Newt Gingrich said he wanted to play nice. Now he’s getting ready for nasty.
Gingrich on Tuesday branded Mitt Romney a “liar” and said he’s preparing to go on the attack after seeing his Republican presidential campaign wither in Iowa under a barrage of negative advertising from political action committees that support the former Massachusetts governor.
“This is a man whose staff created the PAC. His millionaire friends fund the PAC. He pretends he has nothing to do with the PAC. It’s baloney. He’s not telling the American people the truth,” Gingrich said on the CBS Early Show, ahead of Tuesday night’s Iowa caucuses.
“I’d rather stick at this level of pure policy,” Gingrich said in a separate interview with Fox News, “but if the governor and his paid negative ads are determined to engage in negativity, I’m going to tell the truth.”
Gingrich, who led Republican presidential polls in Iowa before Christmas, has been the target of nearly $3 million in negative advertising that he blamed for a sharp drop in his support in the Hawkeye State.
The bulk of the ads were produced and paid for by Restore Our Future, a so-called “super PAC” that can raise unlimited funds for the purpose of campaigning for or against political candidates.
The organization is run by several former senior aides to Romney’s presidential campaign in 2008, who are not currently tied to his 2012 campaign.
The ads allege that Gingrich “supported taxpayer funding of some abortions,” highlight a $300,00 fine he paid for ethics violations as Speaker of the House of Representatives and say he has “too much baggage” to be the Republican nominee.
Romney has refused to ask Restore Our Future to stop airing the ads, saying it is illegal for campaigns to co-ordinate with independent political action committees. He also accused Gingrich of being too thin-skinned.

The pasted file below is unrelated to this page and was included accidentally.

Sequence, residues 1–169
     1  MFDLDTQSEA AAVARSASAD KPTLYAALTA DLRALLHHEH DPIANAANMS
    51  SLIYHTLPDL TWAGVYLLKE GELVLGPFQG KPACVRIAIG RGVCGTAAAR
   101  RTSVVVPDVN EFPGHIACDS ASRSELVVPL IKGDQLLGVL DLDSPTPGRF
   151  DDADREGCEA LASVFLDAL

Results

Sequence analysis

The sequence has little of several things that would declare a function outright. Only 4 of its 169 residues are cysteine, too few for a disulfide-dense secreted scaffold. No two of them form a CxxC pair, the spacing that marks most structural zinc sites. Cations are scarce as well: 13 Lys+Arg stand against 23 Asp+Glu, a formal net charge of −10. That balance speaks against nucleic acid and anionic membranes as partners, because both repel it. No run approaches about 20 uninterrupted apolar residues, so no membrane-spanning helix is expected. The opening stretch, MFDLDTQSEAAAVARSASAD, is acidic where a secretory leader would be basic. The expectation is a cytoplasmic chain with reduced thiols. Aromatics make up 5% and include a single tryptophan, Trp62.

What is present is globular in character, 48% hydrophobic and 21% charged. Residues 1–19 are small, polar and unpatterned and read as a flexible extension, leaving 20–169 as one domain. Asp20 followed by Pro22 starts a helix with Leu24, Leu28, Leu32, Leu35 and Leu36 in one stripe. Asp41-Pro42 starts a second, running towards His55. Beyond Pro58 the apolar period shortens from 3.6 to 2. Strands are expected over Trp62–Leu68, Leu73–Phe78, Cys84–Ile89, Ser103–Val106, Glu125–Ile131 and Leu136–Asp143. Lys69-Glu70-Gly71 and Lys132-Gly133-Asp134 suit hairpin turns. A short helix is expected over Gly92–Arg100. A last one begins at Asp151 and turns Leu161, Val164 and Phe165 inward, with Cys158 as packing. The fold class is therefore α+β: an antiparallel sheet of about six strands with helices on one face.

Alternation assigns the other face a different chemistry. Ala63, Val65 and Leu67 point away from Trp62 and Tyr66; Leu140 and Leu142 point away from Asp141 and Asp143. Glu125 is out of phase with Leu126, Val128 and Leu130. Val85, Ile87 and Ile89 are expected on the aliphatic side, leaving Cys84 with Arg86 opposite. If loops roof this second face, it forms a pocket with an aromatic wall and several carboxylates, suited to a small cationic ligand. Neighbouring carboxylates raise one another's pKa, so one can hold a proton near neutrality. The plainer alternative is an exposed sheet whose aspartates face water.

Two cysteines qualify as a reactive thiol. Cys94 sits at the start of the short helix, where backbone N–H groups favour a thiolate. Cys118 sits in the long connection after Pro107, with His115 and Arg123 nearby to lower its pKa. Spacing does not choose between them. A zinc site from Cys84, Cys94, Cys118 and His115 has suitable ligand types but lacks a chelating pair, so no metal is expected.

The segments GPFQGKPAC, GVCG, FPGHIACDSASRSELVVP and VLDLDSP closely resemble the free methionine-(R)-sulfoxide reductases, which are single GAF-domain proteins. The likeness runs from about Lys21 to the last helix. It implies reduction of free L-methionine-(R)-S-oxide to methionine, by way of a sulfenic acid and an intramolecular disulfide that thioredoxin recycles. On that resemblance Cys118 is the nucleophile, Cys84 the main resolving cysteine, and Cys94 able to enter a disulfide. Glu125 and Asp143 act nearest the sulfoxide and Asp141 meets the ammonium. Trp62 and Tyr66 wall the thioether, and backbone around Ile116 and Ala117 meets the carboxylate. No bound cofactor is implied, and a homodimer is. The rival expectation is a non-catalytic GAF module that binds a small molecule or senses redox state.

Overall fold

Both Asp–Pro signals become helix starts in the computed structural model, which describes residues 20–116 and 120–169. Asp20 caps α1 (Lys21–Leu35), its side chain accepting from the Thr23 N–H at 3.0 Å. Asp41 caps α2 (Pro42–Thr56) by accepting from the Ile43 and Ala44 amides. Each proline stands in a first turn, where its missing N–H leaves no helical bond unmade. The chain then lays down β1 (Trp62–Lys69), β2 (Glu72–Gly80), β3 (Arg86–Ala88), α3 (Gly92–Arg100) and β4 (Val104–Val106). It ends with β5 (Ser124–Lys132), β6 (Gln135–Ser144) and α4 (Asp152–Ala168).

“This is politics, and if you can’t stand the heat in this little kitchen, wait until the Obama’s Hell’s Kitchen turns up the heat,” he told an interviewer, referring to the upcoming general election against President Barack Obama.
Referring to Romney during a weekend campaign stop in Iowa, Gingrich said that “somebody who will lie to you to get to be president will lie to you when they are president.”
When asked Tuesday by a CBS interviewer if he was calling Romney a liar, Gingrich gave a one-word response. “Yes.”
The former House Speaker had risen in both national and Iowa polls after strong presidential debate performances in which he often refused opportunities to directly criticize his GOP rivals.
In recent days, Gingrich said he felt “Romney-boated,” a reference to the negative “swift boat” ads that damaged Democrat John Kerry’s 2004 presidential campaign.
Gingrich earned a reputation during his years in Congress for bare-knuckled campaign tactics, but he told reporters Tuesday he didn’t consider it “negative” to criticize Romney on factual grounds.
“It can’t be seen as a negative campaign to factually describe somebody’s record.”
The ‘old Newt’ is now likely to re-emerge as candidates move from Iowa to New Hampshire ahead of the Granite State’s Jan. 10 Republican primary.
Two all-candidates debates are planned for the days leading up to the New Hampshire voting. Gingrich said voters can expect to see him take a more aggressive posture against Romney. He cast Romney as a “Massachusetts moderate” who wants Republicans to now believe “he’s magically a conservative” politician.
He attacked Romney for not supporting Ronald Reagan’s election in 1980, backing a Democrat, Paul Tsongas, for president in 1992 and “running to the left of Teddy Kennedy” in a Massachusetts Senate race.
“I just think he ought to be honest with the American people and try to win as the real Mitt Romney, not try to invent a poll-driven, consultant-guided version that goes around with talking points,” he said.
Gingrich is unlikely to be the only candidate turning up the heat on Romney in a bid to cut into his support in New Hampshire and elsewhere. Several polls show Romney leading the GOP field by a wide margin, with more than 40 per cent support.
Texas governor Rick Perry, who is already looking to South Carolina’s Jan. 21 primary, said southern Republican voters “are going to pick the true, authentic conservative, not a conservative of convenience that Mitt Romney is.”
On Tuesday, Romney brushed aside Gingrich’s complaints.
“I know the Speaker’s angry. I don’t know why,” he said.